Intronaut, Saviours, A Life Once Lost, High On Fire Wednesday, February 20, 2008 Bluebird Theater Better than: Banging your head on the punk rock
It’s official – metal ain’t dead. Sure, you can point to a million cases in which metal has been modified – some might say diluted or downright destroyed – by pop, punk and pomposity, but last night’s near-capacity bill of four unapologetic metal marauders left no doubt that there are still plenty of bands and fans who appreciate the thunderous power of unadulterated head-banging mayhem.
LA’s Intronaut opened the evening with a well-played – if slightly introverted – set of prog metal. The band’s technical virtuosity and solid songwriting has earned it comparisons to Mastodon, and both were on impressive display last night. Unfortunately, the musicians concentrated so intensely on the challenges of their individual parts that they hardly took time to acknowledge the audience or one another. Also, the mix didn’t do justice to the nuances of the quartet’s playing, and the sound coming directly from the amps was actually better than the house. Still, for the folks who’d shown up early, Intronaut was an auspicious beginning to the night.
If you like this story, consider signing up for our email newsletters.
SHOW ME HOW
In a perfect world, Oakland’s Saviours (pictured) would have co-headlined this bill, but these decisions are made in ways we aren’t meant to understand. Sadly, this means that many folks who’d hoped to catch this promising act as well as High On Fire missed it by showing up at 10:30. And, damn, did they miss out. While Saviours’ prodigious musical talents easily match Intronaut’s, the band played with such ease, aggression and an irrepressible sense of fun that the crowd couldn’t help but grin with gritted teeth while throwing up the horns. This brutal foursome deftly forges its hammer of the gods from an alloy of metal influences – from doom to thrash, sludge to speed, and even some good old-fashioned British New Wave. The twin leads of Austin Barber and Tyler Morris set the stage on fire, while towering bassist Cyrus Comiskey provided the gut-punch low end. The group’s energetic, eviscerating set was, without question, one of the best metal shows I’ve ever seen.
Next up was Philadelphia’s A Life Once Lost, a quintet that has evolved in recent years from metalcore mediocrity to purveyors of potent and confrontational progressive metal. Once again, the technical skills of the band were intimidating. While the group’s four instrumentalists focused on their axes, vocalist Robert Meadows – whose fashion choices, including a punk t-shirt, painted-on-tight girl jeans and bare feet, made him the first hippy punk emo metal singer I’ve seen – bore most of the responsibility for entertaining the crowd, which he did admirably. The band also brought along its own onstage light-and-smoke show, which created some nice drama. While the set had its moments of genuine intensity, there was something almost too polished, too professional and too restrained about it. Perhaps it was just an off night for A Life Once Lost. While the music they were making had a fist-pumping aggression, it was played with very little expression or energy.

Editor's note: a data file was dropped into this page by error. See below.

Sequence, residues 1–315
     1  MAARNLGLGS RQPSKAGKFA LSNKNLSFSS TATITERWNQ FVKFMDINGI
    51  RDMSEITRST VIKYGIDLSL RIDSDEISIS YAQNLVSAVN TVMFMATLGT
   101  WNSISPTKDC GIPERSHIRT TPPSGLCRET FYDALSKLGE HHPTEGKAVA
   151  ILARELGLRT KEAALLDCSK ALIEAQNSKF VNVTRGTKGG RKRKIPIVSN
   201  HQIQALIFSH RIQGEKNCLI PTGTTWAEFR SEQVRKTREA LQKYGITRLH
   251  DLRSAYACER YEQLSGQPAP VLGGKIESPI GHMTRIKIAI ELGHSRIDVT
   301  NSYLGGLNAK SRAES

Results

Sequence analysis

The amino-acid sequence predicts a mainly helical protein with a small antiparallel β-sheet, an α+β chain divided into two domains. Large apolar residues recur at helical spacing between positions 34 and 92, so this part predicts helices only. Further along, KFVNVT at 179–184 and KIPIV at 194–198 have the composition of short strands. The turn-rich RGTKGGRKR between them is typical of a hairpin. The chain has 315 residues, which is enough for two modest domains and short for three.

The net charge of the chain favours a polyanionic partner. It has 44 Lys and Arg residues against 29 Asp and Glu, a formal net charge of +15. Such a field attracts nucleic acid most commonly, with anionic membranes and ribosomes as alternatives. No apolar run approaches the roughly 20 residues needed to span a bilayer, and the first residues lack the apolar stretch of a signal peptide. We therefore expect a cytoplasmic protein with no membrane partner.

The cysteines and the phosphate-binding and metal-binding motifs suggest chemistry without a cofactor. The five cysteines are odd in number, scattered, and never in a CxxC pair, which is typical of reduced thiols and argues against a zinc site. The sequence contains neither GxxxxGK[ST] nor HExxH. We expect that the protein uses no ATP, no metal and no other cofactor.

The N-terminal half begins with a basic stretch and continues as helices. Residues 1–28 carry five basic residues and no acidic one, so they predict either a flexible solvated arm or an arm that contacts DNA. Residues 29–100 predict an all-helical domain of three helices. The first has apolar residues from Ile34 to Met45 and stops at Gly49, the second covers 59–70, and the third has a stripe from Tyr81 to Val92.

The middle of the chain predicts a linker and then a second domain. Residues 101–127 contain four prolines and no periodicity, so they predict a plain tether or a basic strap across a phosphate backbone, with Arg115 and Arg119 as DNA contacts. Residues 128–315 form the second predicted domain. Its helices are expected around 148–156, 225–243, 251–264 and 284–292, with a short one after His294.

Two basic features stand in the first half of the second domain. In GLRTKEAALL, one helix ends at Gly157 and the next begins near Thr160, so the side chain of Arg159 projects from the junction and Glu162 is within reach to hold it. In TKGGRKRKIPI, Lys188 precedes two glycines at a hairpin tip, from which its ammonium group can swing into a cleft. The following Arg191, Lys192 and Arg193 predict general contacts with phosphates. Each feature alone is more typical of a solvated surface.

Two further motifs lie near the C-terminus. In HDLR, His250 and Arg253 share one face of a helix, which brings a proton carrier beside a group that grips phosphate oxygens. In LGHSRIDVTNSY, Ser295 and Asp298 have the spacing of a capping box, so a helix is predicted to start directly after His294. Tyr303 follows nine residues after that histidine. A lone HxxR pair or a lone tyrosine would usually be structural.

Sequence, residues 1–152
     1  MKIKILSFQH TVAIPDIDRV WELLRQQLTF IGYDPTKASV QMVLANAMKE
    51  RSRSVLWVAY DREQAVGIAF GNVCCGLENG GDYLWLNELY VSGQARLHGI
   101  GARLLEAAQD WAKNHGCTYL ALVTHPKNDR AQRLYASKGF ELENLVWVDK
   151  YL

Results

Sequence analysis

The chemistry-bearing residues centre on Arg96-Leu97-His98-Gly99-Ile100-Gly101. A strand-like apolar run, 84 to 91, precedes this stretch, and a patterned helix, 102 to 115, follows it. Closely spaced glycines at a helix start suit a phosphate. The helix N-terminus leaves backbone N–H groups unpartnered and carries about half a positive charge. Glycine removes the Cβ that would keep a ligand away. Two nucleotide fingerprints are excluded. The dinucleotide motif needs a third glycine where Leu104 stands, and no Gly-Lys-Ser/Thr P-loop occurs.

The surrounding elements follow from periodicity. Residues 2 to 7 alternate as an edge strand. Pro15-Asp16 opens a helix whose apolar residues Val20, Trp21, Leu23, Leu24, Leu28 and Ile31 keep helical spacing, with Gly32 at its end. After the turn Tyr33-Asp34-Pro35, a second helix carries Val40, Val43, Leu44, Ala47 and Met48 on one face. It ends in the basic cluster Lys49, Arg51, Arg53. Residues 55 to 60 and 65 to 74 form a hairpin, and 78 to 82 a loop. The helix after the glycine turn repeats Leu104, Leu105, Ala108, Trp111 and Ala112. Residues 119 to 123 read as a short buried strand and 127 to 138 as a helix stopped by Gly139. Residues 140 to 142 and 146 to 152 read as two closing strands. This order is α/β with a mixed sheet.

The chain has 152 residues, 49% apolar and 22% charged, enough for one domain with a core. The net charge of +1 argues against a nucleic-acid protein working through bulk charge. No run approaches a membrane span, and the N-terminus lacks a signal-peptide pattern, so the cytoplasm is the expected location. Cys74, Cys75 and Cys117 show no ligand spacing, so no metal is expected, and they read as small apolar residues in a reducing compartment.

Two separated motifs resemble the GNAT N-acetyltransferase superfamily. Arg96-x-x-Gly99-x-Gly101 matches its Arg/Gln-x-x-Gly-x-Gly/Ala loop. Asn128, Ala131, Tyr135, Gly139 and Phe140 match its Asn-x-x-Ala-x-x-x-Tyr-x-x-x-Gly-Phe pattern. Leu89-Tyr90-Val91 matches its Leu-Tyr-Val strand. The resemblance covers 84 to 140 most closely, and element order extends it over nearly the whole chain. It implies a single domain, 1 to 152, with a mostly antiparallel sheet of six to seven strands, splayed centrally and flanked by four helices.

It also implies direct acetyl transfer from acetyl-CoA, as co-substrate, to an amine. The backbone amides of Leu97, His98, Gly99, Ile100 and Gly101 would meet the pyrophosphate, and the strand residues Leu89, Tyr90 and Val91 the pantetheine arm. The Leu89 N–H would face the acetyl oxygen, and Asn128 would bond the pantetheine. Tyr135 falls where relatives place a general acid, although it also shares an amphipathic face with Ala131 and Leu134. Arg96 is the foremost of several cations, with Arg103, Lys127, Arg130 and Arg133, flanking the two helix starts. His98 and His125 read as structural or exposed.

The bill was brought to a close with the much-anticipated High On Fire. The punishing trio has become a local favorite, even among the indie rock set. With roots in stoner and doom metal, the group – the pet project of innovative guitarist Matt Pike – has evolved into a world-conquering metal behemoth with a million tricks up its tattooed sleeves. The last time I caught the threesome was at 3 Kings Tavern, which proved to be a challenging room for the band’s overpowering sonics, so it was a treat to hear and see them with a better sound mix. The band puts on an undeniably entertaining show, with the always-shirtless Pike pulling out all the metal frontman stops to whip the crowd into a frenzy. The audience at the front gladly obliged, stirring up a raucous, rollicking and entirely unironic mosh pit to accompany the band’s musical assault. It was a thrilling and threatening performance, but I still thought Saviours stole the show. – Eryc Eyl
Critic’s Notebook Personal Bias: Kemado Records, the label that released Saviours most recent record, is one of my favorite labels right now. I like pretty much everything they put out. Random Detail: The presence of Hell’s Angels at a metal show gives it that extra edge of credibility. By the Way: As much as I love the Bluebird, they just have to do something about the drink prices. I saw Security confiscate a guy’s flask, but you can’t blame folks for bringing their own when a freakin' can of PBR costs $3.75.